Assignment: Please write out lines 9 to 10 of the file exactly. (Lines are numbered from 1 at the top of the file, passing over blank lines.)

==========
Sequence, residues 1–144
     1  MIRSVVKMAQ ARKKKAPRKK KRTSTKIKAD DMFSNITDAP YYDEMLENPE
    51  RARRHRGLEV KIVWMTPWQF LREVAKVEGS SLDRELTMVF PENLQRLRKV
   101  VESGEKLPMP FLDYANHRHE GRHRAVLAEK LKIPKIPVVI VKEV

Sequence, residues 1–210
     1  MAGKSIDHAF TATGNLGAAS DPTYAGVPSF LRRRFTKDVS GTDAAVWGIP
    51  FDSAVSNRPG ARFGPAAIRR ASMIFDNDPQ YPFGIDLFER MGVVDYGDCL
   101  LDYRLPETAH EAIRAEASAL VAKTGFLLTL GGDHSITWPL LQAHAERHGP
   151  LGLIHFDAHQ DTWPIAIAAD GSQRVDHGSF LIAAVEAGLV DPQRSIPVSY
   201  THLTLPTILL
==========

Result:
   151  LGLIHFDAHQ DTWPIAIAAD GSQRVDHGSF LIAAVEAGLV DPQRSIPVSY
   201  THLTLPTILL